March 10, 2005
Few nations spend as much time as do Americans worrying
about how the world perceives them. In the history of great powers
or imperial powers, the American concern with likeability is
unmatched. Did the Romans, the Ottoman Turks, or the Soviets worry
about popularity ratings? Today, does it bother the Chinese that
their system of government is widely regarded as repressive?
Certainly not to the extent that it really bothers Americans to be
unpopular in the world. Americans are highly vulnerable when it
comes to public perceptions in other countries. This may be in part
because they like their foreign policy to have a moral dimension.
It is also one of the consequences of being a democracy, founded by
men who thought it necessary to show a "decent respect for the
opinions of mankind."
Accordingly, the plunge taken in public opinion of the United States internationally over the past four years have hurt. Mostly, of course, it has been a serious problem where anti-Americanism has turned into terrorist action, among murderous radicals and their supporters in Arab and Muslim countries. Anti-Americanism elsewhere -- in Russia, in Europe or in Latin America -- should also be a cause for concern, but mostly because it lends itself to political manipulation. Both kinds are serious problems that need to be addressed without delay when a new undersecretary state for of public diplomacy is appointed. Regrettably, this is a position that in the first Bush term became a revolving door with little stability.
Sometimes, however, it takes a great upheaval to produce an opportunity. The post-Christmas tsunami disaster in the Indian Ocean gave Americans the opportunity to show compassion and solidarity with the victims of the disaster. To the Bush administration's credit it seized the moment. American actions, which involved giving on the scale almost a billion dollars of both public and private funding and extensive U.S. military rescue and reconstruction efforts, have paid off in the shape of improving attitudes towards the United States.
Last week at the Heritage Foundation, the non-profit group Terror Free Tomorrow published the results of the first post-tsunami public opinion poll of Indonesian attitudes towards the United States and the war of terror. The results were, as the group's president Kenneth Ballen noted, nothing less than amazing. "This is a stunning turnaround for the United States in the war against terrorism," he said. "It is a the first major shift in Muslim public opinion since Sept. 11."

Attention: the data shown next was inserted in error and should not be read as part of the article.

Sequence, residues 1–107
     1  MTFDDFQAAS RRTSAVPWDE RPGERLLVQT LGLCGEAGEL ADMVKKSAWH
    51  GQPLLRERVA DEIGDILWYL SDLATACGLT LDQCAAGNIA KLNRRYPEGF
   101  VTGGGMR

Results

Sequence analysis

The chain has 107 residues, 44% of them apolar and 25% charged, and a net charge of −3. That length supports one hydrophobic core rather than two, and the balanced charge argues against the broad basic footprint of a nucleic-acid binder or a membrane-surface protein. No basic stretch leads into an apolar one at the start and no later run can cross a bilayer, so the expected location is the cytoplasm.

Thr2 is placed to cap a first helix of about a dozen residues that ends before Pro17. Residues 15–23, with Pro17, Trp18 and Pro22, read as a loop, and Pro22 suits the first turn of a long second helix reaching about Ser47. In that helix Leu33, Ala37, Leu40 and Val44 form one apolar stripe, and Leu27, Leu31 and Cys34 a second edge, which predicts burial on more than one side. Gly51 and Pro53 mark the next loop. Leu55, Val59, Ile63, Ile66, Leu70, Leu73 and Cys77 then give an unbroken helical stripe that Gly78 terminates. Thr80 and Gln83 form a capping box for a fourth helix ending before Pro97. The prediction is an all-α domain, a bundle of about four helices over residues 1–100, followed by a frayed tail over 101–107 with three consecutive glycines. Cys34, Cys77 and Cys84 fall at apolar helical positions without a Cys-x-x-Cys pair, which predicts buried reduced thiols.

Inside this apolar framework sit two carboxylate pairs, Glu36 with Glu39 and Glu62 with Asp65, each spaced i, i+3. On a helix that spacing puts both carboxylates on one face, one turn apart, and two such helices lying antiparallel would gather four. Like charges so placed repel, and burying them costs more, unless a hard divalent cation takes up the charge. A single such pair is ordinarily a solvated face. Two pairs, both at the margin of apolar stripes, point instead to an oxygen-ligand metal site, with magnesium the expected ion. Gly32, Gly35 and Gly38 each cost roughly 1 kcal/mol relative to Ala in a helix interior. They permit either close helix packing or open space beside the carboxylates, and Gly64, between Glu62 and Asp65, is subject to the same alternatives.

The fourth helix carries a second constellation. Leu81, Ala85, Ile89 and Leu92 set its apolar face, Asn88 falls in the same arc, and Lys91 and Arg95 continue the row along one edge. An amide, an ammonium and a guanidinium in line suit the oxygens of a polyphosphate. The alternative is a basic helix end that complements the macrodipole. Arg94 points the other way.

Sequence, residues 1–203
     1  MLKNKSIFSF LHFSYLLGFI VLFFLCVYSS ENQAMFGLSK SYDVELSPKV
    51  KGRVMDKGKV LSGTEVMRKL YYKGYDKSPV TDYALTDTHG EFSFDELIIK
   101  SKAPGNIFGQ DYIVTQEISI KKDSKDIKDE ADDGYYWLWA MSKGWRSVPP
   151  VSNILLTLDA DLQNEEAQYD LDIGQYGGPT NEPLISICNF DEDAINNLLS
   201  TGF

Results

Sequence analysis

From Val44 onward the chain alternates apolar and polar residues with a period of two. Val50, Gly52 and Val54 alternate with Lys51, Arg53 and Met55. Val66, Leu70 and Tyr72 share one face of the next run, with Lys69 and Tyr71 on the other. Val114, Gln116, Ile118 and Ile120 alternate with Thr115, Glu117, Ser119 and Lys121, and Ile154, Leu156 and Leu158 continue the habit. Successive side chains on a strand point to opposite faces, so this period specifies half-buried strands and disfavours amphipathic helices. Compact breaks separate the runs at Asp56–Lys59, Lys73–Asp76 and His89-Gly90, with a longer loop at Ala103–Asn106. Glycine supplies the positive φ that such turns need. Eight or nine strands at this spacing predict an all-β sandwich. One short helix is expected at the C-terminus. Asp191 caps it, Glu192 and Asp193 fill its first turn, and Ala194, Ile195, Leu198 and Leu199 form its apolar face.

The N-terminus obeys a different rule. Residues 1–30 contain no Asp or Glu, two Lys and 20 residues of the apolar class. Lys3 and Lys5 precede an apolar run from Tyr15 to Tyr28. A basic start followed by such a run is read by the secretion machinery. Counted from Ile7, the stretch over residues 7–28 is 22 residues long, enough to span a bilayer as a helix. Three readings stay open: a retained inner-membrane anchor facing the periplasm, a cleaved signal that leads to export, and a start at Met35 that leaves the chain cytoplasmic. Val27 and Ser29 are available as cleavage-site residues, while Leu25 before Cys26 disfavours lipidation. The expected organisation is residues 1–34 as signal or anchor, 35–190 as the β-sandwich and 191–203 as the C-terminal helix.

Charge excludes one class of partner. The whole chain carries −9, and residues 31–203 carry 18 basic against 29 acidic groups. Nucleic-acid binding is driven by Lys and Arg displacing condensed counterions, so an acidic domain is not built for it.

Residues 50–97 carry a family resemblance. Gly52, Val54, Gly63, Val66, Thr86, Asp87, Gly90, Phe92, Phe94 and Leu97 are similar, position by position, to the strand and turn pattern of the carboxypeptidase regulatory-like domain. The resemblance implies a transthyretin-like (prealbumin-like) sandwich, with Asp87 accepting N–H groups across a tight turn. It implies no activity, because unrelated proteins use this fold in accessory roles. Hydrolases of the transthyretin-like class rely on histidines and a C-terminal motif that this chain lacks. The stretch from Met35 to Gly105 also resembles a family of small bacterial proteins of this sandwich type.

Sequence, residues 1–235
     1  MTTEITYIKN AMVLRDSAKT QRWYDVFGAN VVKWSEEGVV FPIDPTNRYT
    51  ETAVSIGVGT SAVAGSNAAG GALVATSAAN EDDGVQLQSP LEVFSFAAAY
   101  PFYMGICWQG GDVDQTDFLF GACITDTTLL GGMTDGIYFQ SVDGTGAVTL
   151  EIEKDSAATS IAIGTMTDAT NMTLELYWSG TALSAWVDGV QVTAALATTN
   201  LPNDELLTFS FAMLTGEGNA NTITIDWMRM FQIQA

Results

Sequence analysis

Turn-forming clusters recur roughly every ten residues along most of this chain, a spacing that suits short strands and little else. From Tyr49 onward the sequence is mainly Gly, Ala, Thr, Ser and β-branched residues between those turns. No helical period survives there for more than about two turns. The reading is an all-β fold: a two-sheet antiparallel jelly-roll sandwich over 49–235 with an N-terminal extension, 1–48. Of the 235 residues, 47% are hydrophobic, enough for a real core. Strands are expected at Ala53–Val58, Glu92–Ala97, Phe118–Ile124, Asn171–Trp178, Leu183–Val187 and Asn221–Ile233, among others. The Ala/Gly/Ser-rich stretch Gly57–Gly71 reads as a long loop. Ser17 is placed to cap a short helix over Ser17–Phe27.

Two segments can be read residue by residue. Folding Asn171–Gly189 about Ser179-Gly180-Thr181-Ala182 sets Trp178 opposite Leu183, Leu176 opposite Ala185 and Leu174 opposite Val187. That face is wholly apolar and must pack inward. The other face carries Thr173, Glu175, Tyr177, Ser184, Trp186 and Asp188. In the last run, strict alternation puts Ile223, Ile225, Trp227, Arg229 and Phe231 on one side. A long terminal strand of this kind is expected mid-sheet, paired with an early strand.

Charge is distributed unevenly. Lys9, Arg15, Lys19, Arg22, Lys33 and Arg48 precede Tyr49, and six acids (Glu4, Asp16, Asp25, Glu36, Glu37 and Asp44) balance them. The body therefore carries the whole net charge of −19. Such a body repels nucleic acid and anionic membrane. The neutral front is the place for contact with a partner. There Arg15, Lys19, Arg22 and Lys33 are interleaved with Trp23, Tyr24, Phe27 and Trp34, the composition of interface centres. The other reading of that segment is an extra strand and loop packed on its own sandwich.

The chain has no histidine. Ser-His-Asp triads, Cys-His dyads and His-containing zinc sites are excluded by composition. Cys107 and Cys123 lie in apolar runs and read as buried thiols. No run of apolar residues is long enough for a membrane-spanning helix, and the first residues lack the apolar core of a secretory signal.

The poll was conducted in the first week of February by a respected Indonesian polling company, Lembaga Survei Indonesia, and is based on interviews with 1,200 adults. Among its most significant findings is a great surge in favorable views of the United States, with 65 percent of respondents having a positive view today, especially in the under-30 age category. People who oppose the U.S. anti-terrorism efforts today account for 36 percent, down from 72 percent two years ago. Support for Osama bin Laden has tanked. In 2003, 58 percent said they backed Osama bin Laden. Today that figure has declined to 23 percent today.
Now it could easily be argued that people will love you if you give them money, and in the case of Indonesia a lot of money. Yet, more than the money, the U.S. reaction after the tsunami disaster was a sign that this country cared about the plight of people half a world away. That is the message Indonesians received.
Compare this to opinions in other Muslim countries. According to the Pew Study of Global Attitudes, as of the fall of 2004, in Pakistan, Jordan, Morocco, and Turkey, anti-Americanism was shown to be pervasive. Osama bin Laden was viewed favorably by large percentages in Pakistan (65 percent), Jordan (55 percent) and Morocco (45 percent). Even in Turkey 31 percent say that suicide attacks against Americans and other Westerners in Iraq are justifiable. We need to know a lot more about how to change these attitudes.
Terror Free Tomorrow, which advocates thorough opinion polling throughout the Muslim world to identify specifics and trends in anti-American sentiment, chose Indonesia precisely because it is the largest Muslim nation in the world. It is also a new democracy, which makes opinion polling a lot easier. If we are to engage in effective public diplomacy, that kind of information is invaluable, and we need lots more of it. With democratic trends sweeping the Arab world, now is a good time to get started.
Helle Dale is director of the Douglas and Sarah Allison Center for Foreign Policy Studies of the Heritage Foundation.
First appeared in The Washington Times